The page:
Singapore: First World Economy, First World Costs, Third World Everything Else

At the Europe Day celebration organised by the European Chamber of Commerce (EuroCham) yesterday, Trade and Industry Minister Lim Hng Kiang said, “We have to acknowledge that, over time, Singapore cannot be a First World economy with Third World costs. There has to be some balance.

Indeed, under the current government, Singapore is now a “First World economy” and we have “First World costs” as well. How about everything else? Let’s take a look.

Indeed, Singapore is now a First World economy – Singapore is the 4th leading financial centre in the world.

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Chart: The Global Financial Centres Index 15

Singapore also has First World costs – we have one of the highest prices in the world.

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Chart: UBS Prices And Earnings 2011

Singaporeans have to pay First World health costs – Singaporeans have to pay the highest out-of-pocket expenditure for health.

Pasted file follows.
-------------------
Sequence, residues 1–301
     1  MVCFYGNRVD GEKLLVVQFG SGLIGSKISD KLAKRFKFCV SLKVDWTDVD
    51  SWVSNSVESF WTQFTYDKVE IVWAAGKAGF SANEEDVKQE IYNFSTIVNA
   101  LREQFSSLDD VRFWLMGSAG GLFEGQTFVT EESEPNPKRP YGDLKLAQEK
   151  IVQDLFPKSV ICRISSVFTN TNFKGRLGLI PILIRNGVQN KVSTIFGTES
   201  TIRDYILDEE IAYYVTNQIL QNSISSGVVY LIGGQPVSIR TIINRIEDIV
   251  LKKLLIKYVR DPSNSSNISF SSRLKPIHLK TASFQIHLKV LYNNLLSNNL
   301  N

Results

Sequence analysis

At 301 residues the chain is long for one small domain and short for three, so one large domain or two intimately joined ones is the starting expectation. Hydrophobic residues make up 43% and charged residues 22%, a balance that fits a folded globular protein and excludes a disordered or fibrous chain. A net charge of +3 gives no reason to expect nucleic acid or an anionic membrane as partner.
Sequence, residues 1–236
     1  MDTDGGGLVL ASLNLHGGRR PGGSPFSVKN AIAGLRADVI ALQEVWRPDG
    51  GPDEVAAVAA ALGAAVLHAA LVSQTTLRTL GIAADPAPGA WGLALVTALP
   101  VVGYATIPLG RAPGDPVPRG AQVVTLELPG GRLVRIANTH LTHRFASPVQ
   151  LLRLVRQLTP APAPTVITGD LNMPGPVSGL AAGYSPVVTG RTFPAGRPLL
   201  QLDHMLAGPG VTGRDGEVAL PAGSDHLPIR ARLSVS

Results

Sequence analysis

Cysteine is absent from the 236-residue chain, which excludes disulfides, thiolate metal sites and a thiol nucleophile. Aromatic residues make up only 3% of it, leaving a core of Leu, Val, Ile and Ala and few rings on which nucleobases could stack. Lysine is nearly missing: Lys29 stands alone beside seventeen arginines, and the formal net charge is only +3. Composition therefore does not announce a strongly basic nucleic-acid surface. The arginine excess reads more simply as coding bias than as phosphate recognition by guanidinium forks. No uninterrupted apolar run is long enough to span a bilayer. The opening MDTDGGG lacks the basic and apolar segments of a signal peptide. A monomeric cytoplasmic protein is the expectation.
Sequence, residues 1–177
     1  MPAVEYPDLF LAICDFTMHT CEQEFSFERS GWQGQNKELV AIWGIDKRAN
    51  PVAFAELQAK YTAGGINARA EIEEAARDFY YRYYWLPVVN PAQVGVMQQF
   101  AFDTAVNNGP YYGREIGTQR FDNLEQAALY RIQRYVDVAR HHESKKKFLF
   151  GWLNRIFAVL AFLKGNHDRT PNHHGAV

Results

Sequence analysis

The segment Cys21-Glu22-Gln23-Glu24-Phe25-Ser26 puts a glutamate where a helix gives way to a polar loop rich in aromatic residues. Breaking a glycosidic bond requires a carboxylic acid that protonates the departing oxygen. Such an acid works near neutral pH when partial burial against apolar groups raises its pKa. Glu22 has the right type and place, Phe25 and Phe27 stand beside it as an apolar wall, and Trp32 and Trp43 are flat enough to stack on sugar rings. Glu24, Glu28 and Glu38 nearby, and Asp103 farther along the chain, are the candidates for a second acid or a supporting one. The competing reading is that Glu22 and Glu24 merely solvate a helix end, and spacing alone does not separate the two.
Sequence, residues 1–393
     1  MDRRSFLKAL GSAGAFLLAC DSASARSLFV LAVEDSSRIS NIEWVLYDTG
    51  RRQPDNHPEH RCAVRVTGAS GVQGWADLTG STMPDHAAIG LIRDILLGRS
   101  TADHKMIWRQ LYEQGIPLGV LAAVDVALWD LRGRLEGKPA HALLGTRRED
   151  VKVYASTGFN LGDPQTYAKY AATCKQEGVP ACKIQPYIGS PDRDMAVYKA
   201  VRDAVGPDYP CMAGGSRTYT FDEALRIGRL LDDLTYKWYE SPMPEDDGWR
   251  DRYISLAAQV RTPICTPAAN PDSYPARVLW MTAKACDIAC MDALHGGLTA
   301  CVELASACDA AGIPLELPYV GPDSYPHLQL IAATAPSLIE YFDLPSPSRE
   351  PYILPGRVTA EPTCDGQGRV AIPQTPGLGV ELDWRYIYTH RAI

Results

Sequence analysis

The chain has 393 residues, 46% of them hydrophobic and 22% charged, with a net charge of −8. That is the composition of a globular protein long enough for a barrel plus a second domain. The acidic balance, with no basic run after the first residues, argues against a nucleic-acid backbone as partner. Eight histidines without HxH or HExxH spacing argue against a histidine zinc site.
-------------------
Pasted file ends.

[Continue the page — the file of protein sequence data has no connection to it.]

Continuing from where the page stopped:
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Chart: World Health Organisation World Health Statistics 2013Global Health Observatory Data Repository

Singaporeans have to pay First World university tuition fees – one of the highest in the world.

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Chart: Education at a Glance 2013

Singaporeans also have to pay First World housing prices – we have the most expensive public housing in the world and one of the most expensive private housing in the world.

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Chart: Global Property Guide World’s most expensive cities

Singapore also has First World car prices – we have to pay for the most expensive cars in the world.

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Chart: Yahoo! Singapore News Global Price Comparison: The Toyota Corolla Global Price Index

Indeed, Singapore truly has First World prices – we are now the most expensive place to live in in the world.

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Chart: The Economist Intelligence Unit Worldwide Cost of living index 2014 report

But this is where it all ends – Singapore has a “First World economy” and “First World costs” but everything else is “Third World”.